- PHILLIPS: The benefits of defying ‘common wisdom’
- Judge strikes down Arkansas abortion law — nation’s toughest — as unconstitutional
- Court: Tenn. must recognize 3 same-sex marriages
- Russia claims to have downed U.S. drone over Crimea region; Pentagon denies
- John Daly shoots 90 at PGA Tour event: ‘I’m falling apart’
- Police: Man arrested in West Virginia may be linked to Alexandria killings
- Smile: Equipping cops with body-mounted cameras gains steam in Calif., N.Y.
- Obama to sign bill cutting taxpayer money for party conventions
- Half of Americans worried about second Cold War: poll
- Kermit Gosnell clinic aide who heard aborted baby scream gets 5 to 10 years in prison
By David A. Clarke Jr.
Blame Washington's intelligence failure, not lack of police
Topic - Paul Volcker
NEW YORK (AP) — George Goodman, a journalist, business author and award-winning television host who under the pseudonym "Adam Smith" made economics accessible to millions of people, died Friday at age 83.
I am indebted to Amity Shlaes for gently correcting a joke of mine that dates back to July 8, 1972. On that day in the New York Times, I joshed that President Calvin Coolidge "probably spent more time napping than any President in the nation's history" and therefore was a successful president.
As a young reporter wandering through the state legislatures of the American South in the early 1960s, I was soon aware of the lively sexual commerce that went on between men with political power and the women who provided such accommodations.
The $2 billion trading loss at JPMorgan Chase has renewed calls for stricter oversight of Wall Street banks. Two years after Congress passed an overhaul of financial rules, many of those changes have yet to be finalized.
JPMorgan Chase faces intense criticism for claiming that a surprise $2 billion loss by one of its trading groups was the result of a sloppy but well-intentioned strategy to manage financial risk.
The Securities and Exchange Commission Wednesday backed a proposal to bar banks from trading for their own profit instead of their clients.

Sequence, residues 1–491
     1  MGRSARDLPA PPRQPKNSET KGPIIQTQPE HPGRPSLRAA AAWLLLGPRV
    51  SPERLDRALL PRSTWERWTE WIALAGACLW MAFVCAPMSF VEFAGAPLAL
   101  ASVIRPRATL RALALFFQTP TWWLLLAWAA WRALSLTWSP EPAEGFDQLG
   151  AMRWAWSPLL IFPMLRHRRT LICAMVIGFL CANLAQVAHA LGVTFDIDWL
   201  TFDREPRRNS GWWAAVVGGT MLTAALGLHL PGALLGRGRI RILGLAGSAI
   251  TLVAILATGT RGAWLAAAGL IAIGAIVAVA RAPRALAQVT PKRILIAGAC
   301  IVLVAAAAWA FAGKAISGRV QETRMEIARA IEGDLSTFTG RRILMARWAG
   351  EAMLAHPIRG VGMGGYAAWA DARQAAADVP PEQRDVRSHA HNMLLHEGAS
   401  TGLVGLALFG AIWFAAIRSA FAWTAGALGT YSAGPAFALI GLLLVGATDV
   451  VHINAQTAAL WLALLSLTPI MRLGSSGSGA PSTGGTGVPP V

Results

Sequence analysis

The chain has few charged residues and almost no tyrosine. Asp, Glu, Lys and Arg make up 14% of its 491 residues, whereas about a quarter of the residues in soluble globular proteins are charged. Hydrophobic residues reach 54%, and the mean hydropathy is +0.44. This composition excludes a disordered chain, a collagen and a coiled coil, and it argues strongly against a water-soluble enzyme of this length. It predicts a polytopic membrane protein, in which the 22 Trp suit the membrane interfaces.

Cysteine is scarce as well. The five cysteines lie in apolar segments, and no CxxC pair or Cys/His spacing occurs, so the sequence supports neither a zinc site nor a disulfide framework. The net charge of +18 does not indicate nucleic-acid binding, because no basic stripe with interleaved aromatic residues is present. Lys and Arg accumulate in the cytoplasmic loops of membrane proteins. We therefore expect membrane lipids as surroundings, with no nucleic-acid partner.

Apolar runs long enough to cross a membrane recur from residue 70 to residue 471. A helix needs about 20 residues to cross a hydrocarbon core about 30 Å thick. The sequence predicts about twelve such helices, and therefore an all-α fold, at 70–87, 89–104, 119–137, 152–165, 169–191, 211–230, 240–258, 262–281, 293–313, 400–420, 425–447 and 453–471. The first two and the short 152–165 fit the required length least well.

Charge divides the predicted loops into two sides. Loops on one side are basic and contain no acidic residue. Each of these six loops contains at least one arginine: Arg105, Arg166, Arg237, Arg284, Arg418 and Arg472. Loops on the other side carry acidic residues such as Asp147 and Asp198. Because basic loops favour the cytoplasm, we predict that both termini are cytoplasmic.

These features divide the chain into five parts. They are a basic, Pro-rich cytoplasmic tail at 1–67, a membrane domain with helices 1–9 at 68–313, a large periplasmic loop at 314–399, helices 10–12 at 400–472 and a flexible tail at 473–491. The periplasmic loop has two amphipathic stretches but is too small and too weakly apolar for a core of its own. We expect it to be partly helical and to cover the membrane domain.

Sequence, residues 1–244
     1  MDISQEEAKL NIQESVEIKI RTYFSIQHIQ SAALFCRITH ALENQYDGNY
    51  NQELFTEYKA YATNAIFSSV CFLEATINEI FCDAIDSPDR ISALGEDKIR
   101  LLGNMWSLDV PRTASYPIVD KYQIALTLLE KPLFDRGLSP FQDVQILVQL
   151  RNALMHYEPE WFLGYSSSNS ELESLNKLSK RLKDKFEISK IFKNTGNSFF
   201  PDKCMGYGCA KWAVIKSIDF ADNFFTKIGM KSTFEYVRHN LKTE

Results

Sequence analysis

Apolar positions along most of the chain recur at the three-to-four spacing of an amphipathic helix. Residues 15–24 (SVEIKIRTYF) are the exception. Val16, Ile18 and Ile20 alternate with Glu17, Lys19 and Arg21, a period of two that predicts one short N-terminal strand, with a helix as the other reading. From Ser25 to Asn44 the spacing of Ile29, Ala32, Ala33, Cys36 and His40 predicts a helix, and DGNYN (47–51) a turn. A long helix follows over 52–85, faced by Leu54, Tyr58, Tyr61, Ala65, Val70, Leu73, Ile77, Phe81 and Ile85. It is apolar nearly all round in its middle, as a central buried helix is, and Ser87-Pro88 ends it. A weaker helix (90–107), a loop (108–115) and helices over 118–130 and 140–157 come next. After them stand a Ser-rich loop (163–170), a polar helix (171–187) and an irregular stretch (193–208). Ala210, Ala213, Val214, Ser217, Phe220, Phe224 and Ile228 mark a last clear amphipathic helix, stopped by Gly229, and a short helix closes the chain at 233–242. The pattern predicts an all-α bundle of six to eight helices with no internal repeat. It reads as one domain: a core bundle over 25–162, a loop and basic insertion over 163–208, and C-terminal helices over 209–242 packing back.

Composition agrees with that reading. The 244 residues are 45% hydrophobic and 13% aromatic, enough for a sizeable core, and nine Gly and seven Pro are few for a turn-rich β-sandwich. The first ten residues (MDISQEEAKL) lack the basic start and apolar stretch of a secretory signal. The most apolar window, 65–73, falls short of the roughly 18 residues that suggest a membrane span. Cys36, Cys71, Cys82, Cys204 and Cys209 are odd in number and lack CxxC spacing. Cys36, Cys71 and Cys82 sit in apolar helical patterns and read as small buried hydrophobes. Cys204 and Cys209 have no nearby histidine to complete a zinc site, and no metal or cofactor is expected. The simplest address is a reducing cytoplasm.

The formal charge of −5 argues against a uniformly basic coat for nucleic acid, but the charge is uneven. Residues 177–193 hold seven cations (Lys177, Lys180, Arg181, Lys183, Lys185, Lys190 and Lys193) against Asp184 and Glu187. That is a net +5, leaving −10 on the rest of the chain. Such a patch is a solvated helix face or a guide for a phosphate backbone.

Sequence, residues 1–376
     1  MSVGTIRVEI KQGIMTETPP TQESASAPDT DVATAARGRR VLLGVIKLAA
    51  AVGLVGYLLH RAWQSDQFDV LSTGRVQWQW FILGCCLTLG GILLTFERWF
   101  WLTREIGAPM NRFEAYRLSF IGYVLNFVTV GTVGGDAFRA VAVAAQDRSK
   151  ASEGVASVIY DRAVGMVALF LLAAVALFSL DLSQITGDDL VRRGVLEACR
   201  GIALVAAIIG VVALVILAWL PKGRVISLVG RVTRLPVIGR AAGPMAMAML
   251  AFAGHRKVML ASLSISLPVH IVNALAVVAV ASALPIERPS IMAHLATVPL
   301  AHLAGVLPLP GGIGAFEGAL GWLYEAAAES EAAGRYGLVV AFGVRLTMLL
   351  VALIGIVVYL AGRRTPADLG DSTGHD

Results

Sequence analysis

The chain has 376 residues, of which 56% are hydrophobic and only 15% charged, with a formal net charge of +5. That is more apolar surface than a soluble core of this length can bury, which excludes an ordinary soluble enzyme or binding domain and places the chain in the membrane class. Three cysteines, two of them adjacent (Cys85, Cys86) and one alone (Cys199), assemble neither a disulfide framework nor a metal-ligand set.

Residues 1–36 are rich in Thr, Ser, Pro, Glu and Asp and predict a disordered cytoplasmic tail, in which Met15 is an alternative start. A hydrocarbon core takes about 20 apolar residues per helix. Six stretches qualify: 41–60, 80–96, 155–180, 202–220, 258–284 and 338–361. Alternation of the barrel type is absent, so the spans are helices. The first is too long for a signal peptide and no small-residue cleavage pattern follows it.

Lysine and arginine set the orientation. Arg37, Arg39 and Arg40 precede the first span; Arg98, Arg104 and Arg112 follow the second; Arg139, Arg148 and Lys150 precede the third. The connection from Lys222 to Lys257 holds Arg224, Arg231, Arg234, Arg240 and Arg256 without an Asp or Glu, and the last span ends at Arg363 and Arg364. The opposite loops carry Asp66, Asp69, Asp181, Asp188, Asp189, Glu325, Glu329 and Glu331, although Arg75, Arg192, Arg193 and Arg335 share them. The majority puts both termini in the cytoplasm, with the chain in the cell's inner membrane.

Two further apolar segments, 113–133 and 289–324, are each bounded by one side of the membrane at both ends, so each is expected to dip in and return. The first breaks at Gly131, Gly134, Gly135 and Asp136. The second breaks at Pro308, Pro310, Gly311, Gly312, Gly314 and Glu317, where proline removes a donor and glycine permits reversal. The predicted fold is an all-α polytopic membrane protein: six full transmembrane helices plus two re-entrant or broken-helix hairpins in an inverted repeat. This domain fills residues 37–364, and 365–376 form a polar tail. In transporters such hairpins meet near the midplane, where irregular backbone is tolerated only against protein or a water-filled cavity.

Banks would be barred from trading for their own profit instead of their clients under a rule federal regulators proposed Tuesday.
President Obama seems frustrated because he has "tried everything" to revive the economy and still it's in a slump. But as the following cases suggest, he hasn't tried the kind of policies that work.
The White House is estimating that Hurricane Irene will cost the federal government $1.5 billion in disaster relief.
A high-level international panel criticized the war on drugs as a failure Thursday and called on governments to undertake experiments to decriminalize the use of drugs, especially marijuana, in order to undermine the power of organized crime.
Inflation spooked the nation in the early 1980s. It surged and kept rising until it topped 13 percent.
Members of Congress sharply questioned Federal Reserve Chairman Ben S. Bernanke on Wednesday over whether the Fed's policies are raising the risk of higher inflation in the months ahead.
President Barack Obama says "putting the economy into overdrive" is a top priority, even as a new poll showed the public giving him poor marks in this area.
Saying he simply needed a break, White House press secretary Robert Gibbs on Wednesday added his name to a growing list of West Wing staff departures as President Obama restocks the team that will help him deal with newly resurgent congressional Republicans and prepare for a 2012 re-election bid.
Where is the historical evidence to show that big increases in government spending as a percentage of gross domestic product (GDP) lead to faster economic growth and more job creation? Answer: There isn't any.
Regulators need to strike the proper balance or they will run the risk of reducing liquidity in important financial markets, he said.